Reading seized on the let-off and produced their finest 20 minutes of the season so far, attacking their opponents with the verve that had served them so well in the previous two campaigns but had been replaced by self-doubt during this one.

Their goal needed a large slice of fortune, however, as referee Marriner, having consulted a flag-waving linesman, called Jamie Carragher's felling of Brynjar Gunnarsson wrongly as the pair thundered to the brink of the Liverpool box.

There was no question that the Icelander had been impeded but replays suggested contact had been made just outside the box and Carragher howled his displeasure.

Hunt despatched the penalty with panache, however, and Reading continued to attack, with a Bobby Convey drive beating Jose Reina and only just clearing his crossbar.

Reading's previous frailties were not long in reappearing and Gerrard took full advantage to put his side on level terms in the 28th minute.

Torres eluded Sonko to take down a long ball and quickly set up his skipper with a sideways pass. Gerrard had little difficulty shrugging off Hunt's challenge to reach the box and slot past the exposed Hahnemann.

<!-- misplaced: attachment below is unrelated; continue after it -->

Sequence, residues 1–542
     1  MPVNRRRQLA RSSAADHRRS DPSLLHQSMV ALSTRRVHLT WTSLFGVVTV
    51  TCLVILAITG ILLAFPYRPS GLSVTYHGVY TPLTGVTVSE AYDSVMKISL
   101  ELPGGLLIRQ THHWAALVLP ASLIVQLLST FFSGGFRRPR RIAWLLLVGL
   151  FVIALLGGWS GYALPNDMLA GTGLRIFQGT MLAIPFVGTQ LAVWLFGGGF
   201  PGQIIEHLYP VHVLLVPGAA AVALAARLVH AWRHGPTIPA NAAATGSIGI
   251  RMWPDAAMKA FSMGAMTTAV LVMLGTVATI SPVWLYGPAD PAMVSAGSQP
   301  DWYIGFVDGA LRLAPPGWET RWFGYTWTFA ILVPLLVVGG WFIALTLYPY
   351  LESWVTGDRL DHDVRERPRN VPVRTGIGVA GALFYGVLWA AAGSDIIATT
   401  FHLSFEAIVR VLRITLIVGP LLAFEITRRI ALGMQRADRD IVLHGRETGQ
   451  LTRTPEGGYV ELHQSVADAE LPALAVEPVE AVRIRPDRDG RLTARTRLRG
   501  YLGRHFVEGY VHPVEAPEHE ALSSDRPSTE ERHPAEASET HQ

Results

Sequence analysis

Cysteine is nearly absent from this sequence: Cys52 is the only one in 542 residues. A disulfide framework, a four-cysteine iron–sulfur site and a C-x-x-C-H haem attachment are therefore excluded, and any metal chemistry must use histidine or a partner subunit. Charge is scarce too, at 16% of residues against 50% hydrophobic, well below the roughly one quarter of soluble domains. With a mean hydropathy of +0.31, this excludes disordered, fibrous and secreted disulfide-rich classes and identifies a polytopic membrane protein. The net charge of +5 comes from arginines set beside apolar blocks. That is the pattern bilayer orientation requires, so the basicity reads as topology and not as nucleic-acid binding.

That deflated Reading but fortune favoured them again when Liverpool were denied a much stronger penalty shout than the one previously given to the hosts.

Ivar Ingimarsson's header straight to Gerrard not only surrendered possession cheaply but also allowed Torres to move swiftly into space and when Sonko stuck out a boot in the box he tumbled. But play was allowed to continue.

Andriy Voronin fired in a couple of snapshots from the right of the box as Liverpool ended the half in the ascendancy, but when Momo Sissoko went down in the box under yet another strong Sonko challenge, again no penalty was awarded.

Reading began the second period on the back foot and there was a let-off when Torres sent a diving header across goal after Nicky Shorey's error had allowed Crouch to fire in a cross from the right.

The home defence then made a hash of their offside trap before yet another penalty decision went their way.

Torres's trailing leg was clearly caught by Sonko and this time the Spaniard also appeared to have been hurt. Again television replays confirmed contact had been made.

If the home fans sensed it was to be their night, Doyle gave them concrete proof on the hour by sending a glancing header past Reina to put Reading back in front.

Gerrard had been booked for felling Hunt on the run and when Shorey swung in the free-kick the Republic of Ireland striker lost his marker to produce a slight but perfectly-aimed deflection.

Doyle then fired just over but again Reading were in luck when Gerrard saw a drive smack off the bar seconds before Harper made it 3-1 at the other end.